Discovery, Inc. and BBC Studios have struck a ‘multi-million pound global content partnership,’ the companies said on Monday, which will bring BBC’s Planet Earth, Blue Planet, Life, Dynasties and other natural-history titles to Discovery’s SVOD platforms. The 10-year deal, which should close in late spring, relies on Discovery launching a new global streaming service for natural history programming by 2020 that will operate outside the U.K., Ireland and China. In addition to the hundreds of hours of already existing content, Discovery and BBC Studios will develop new landmark factual content together. The two companies will co-fund a dedicated development team within BBC Studios.”


Per TheWrap, “Pitch Perfect star Anna Kendrick has signed on to star in the short-form comedy series Dummy for Quibi, a spokesperson for the video platform confirmed Friday.

“Created by Deadbeat and Kidding veteran Cody Heller, the buddy comedy centers on a writer and her boyfriend’s sex doll. In keeping with Quibi’s concept of short, digestible episodic storytelling, each installment of the series will be 10 minutes or shorter.

“Tricia Brock is attached to the project as a director and executive producer. Kendrick will also executive produce.

“Founded by Jeffrey Katzenberg and former Hewlett Packard CEO Meg Whitman, Quibi (short for ‘quick bites’) is set to feature a variety of short-form content targeting mobile viewing. It is expected to launch in either late 2019 or early 2020 with a two-tier pricing model: an $8 per month option that doesn’t include advertising and a $5 per month priced tier that has limited ads.

“Directors Sam Raimi (Spider-Man), Guillermo del Toro (The Shape of Water) and Antoine Fuqua (The Magnificent Seven) and producer Jason Blum (Get Out) are all expected to produce content for the service.”


Per Vulture, “[t]he new-media takeover of late night is complete. YouTuber Lilly Singh is taking over Carson Daly’s 1:30 a.m. spot, and Jimmy Fallon is recording entire Tonight Show episodes on a phone. (Specifically a Samsung Galaxy, in stores now!) Ever since the first SNL Digital Short, late night has been getting a second life online. But like some terrible cyberpunk movie, the online second life is becoming more important than the broadcasted first life. Entire chunks of late night are digital-exclusive today, and late-night hosts live and die by their branding and ability to surf internet trends.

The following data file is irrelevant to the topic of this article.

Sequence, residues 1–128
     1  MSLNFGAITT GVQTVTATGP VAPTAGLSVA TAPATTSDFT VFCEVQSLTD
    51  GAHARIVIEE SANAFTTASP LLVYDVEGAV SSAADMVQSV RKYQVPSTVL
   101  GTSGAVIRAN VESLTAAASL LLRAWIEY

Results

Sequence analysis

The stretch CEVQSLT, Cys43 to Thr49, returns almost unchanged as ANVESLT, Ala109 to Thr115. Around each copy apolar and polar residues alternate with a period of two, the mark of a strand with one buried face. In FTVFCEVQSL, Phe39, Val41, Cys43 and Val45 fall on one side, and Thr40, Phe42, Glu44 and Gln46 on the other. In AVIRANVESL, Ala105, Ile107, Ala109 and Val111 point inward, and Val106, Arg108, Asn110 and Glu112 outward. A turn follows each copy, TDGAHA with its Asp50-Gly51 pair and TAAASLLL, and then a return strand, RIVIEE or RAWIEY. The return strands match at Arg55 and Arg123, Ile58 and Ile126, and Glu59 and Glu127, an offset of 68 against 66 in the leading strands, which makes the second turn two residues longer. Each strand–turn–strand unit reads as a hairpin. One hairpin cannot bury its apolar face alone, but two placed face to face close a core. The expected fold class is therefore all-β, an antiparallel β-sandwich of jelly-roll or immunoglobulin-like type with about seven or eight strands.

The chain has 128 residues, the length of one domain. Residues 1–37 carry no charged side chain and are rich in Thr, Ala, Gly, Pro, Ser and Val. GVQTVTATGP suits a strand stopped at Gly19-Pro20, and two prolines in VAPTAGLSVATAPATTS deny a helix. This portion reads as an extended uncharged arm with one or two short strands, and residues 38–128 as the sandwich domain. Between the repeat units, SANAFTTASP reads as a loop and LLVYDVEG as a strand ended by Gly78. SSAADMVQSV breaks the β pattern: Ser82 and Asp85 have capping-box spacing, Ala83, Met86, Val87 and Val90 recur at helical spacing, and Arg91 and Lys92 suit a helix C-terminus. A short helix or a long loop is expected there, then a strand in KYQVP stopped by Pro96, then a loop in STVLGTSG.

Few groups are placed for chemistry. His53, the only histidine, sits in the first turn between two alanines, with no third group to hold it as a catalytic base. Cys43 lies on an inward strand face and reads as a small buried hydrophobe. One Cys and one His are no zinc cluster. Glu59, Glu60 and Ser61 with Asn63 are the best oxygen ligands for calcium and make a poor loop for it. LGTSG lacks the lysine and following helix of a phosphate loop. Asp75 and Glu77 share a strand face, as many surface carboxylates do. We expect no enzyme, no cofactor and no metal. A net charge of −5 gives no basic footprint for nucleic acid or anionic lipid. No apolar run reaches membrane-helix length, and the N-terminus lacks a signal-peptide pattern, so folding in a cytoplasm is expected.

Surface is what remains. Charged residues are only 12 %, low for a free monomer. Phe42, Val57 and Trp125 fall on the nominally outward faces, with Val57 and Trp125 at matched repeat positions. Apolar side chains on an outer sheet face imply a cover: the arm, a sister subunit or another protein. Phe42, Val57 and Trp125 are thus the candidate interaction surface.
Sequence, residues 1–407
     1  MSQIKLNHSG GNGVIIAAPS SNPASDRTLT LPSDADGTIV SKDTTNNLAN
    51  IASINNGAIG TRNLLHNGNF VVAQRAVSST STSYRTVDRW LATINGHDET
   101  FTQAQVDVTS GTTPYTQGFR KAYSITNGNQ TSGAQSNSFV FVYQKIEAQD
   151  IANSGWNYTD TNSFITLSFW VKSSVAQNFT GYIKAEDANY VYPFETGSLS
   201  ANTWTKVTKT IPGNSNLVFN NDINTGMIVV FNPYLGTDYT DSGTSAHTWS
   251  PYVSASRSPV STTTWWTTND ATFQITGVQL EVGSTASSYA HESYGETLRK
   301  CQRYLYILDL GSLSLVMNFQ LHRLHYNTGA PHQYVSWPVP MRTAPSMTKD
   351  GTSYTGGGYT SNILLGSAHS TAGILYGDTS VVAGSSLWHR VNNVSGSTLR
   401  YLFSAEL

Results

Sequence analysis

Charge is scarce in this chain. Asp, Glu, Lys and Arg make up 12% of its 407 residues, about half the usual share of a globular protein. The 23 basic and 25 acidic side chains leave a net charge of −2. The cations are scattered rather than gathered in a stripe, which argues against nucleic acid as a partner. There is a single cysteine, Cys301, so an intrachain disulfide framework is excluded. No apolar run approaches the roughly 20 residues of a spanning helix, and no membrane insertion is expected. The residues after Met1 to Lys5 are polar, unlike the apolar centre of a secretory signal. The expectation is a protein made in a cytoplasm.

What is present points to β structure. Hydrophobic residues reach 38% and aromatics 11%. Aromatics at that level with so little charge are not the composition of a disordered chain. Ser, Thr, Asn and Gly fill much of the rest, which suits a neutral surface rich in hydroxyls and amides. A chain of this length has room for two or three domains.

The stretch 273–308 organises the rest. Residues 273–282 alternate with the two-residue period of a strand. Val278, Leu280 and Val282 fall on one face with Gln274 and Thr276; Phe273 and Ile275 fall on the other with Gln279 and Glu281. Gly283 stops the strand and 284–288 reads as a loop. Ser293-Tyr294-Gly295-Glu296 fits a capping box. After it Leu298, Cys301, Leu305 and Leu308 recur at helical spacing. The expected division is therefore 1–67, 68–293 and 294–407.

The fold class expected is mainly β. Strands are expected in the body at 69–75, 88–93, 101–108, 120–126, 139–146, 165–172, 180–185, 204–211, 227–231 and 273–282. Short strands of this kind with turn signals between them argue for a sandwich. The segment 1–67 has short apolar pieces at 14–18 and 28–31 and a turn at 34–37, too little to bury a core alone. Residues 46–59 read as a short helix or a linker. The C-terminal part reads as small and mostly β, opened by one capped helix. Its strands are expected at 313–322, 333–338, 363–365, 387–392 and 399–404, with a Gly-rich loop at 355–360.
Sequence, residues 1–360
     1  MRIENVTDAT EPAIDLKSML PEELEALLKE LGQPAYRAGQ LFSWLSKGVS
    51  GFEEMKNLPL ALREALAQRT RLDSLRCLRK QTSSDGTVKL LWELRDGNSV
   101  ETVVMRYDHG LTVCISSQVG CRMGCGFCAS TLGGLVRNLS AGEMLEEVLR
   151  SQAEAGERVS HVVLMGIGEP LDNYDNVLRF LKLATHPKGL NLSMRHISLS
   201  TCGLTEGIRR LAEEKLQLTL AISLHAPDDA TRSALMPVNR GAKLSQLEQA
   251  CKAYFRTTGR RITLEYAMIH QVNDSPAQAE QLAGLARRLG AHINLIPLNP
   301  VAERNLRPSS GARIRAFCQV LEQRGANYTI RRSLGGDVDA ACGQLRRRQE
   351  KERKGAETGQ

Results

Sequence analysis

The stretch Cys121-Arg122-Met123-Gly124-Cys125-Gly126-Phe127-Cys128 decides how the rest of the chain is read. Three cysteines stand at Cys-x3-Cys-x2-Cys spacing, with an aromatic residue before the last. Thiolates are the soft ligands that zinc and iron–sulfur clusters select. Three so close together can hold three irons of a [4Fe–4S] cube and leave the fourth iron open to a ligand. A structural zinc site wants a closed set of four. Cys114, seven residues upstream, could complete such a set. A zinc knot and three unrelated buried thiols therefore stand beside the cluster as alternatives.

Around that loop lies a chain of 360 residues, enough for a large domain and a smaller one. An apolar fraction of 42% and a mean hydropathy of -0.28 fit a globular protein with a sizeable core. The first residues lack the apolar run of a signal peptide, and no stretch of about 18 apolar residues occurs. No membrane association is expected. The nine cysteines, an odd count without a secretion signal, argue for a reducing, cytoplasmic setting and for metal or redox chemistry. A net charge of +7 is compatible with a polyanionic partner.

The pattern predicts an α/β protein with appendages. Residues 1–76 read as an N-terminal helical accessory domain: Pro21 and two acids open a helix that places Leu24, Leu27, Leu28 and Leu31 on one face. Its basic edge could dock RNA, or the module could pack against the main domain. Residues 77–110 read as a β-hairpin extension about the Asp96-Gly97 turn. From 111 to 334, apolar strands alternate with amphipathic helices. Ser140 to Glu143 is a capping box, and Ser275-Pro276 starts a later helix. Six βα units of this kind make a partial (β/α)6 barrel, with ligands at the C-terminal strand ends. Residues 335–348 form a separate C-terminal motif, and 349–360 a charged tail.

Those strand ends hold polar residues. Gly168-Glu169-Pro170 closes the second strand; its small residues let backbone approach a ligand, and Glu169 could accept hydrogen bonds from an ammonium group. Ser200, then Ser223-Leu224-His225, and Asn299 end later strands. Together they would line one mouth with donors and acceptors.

Full Frontal tried to take advantage of videos that go viral to make the MAVNI program (and how Stephanie Miller simultaneously ruined hundreds of immigrants’ lives and harmed national security) do just that. Every media entity tries to go viral, but there are entire subsections of YouTube that rely on these #challenges to harvest clicks: trailer reaction videos, trying new foods, dance challenges. This is YouTube. But it’s also late night. Late night lives and dies by the brands of its hosts in a way even the most creator-driven prestige show doesn’t. Late night has a regular posting schedule akin to YouTubers, only with breaks built in. YouTubers can’t take a break unless they make a tearful apology post about their mental health and/or they say something racist. YouTubers rely on branded content for their money, and as evidenced by the joyful marriage of Samsung and Fallon, so does late night.